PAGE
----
When Antonio Cromartie said that his style of play is "totally different" from Nnamdi Asomugha's, he was definitely onto something. But Cromartie's assertion that he's "more of a playmaker" than Asomugha? That's going to depend on what your definition of "playmaker" is.
Comparing Cromartie and Asomugha is pretty difficult. In reality, Asomugha's game is more like Darrelle Revis' -- a shutdown style of play designed to make quarterbacks throw the ball elsewhere on the field.
Cromartie doesn't necessarily play like that, instead almost inviting QBs to challenge him.
The results show up, both positively and negatively.
Cromartie had two interceptions Sunday against the Jaguars. That's as many INTs as Asomugha had in his last three seasons with the Raiders (he has one so far this year with Philly). Over a nine-year NFL career (including this season), Asomugha's picked off 12 passes; in six seasons, Cromartie has 20 interceptions. By that measure alone, you could back Cromartie's claim.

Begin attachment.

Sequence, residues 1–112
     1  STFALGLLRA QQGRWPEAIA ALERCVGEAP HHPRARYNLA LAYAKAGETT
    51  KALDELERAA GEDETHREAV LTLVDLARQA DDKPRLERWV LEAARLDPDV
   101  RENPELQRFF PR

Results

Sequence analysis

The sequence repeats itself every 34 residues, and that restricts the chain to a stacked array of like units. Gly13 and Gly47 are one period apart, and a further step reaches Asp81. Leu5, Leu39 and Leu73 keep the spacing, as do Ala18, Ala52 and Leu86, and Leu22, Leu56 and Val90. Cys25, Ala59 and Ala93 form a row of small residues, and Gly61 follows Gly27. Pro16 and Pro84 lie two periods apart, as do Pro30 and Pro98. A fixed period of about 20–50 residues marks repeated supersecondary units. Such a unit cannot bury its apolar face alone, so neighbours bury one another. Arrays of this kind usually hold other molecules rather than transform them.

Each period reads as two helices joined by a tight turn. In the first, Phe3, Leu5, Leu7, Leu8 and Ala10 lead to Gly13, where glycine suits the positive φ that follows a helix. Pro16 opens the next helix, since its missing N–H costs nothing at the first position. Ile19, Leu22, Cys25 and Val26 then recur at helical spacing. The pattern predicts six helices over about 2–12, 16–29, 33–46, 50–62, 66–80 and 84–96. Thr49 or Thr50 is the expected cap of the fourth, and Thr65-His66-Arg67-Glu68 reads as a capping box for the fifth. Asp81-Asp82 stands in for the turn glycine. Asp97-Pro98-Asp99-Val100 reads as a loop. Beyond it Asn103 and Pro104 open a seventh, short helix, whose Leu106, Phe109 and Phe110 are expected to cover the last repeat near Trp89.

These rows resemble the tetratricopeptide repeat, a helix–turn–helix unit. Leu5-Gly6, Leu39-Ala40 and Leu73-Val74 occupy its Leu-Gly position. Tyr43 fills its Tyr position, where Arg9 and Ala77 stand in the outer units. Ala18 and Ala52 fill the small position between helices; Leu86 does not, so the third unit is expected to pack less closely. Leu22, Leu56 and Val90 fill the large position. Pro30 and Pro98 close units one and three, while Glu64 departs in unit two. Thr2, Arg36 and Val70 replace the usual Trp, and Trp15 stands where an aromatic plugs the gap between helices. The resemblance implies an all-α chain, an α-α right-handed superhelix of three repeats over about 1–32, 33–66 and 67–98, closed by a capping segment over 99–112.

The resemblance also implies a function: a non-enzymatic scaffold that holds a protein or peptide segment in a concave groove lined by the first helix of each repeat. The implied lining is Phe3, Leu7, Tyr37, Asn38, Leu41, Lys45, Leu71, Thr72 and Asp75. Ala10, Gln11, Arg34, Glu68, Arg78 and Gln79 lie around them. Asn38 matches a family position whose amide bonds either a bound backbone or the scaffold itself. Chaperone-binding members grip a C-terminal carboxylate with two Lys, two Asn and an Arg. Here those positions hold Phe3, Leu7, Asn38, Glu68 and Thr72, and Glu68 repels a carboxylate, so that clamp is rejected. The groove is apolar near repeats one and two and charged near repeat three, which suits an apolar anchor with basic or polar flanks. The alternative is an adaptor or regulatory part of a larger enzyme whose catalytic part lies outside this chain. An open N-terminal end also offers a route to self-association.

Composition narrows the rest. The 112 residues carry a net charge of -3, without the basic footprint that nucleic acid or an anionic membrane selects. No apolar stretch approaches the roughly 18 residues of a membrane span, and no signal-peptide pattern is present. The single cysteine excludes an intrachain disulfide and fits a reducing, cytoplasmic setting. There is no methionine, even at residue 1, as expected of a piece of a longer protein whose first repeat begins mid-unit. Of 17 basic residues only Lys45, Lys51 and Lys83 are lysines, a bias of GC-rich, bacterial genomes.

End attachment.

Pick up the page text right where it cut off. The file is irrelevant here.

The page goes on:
It doesn't necessarily tell the whole story, though. Cromartie, for example, committed more penalties than any Jets defender last season and allowed a team-high seven TD passes to be completed against him. In contrast, Asomugha allowed 13 completions against him, period, all of 2010.
Playing opposite Revis, Cromartie's bound to see a lot more passes coming his way. His history shows that often he'll make a solid play in those cases -- but also that he can be beaten. The Cowboys, in fact, picked on Cromartie in the opener, with Tony Romo's day coming unhinged late when he tried to find a hobbled Dez Bryant matched up against Revis.
You'll almost never see a team designing its game plan to go at Asomugha, just like teams don't often test Revis. But, as Cromartie said, his game is different. He's like the NFL's version of a swing-for-the-fences player in baseball. Sure, he's going to whiff from time to time, but he'll also deliver some key home runs. That's been Cromartie's M.O. for his entire career, so weighing his impact next to Asomugha's can get a little tricky.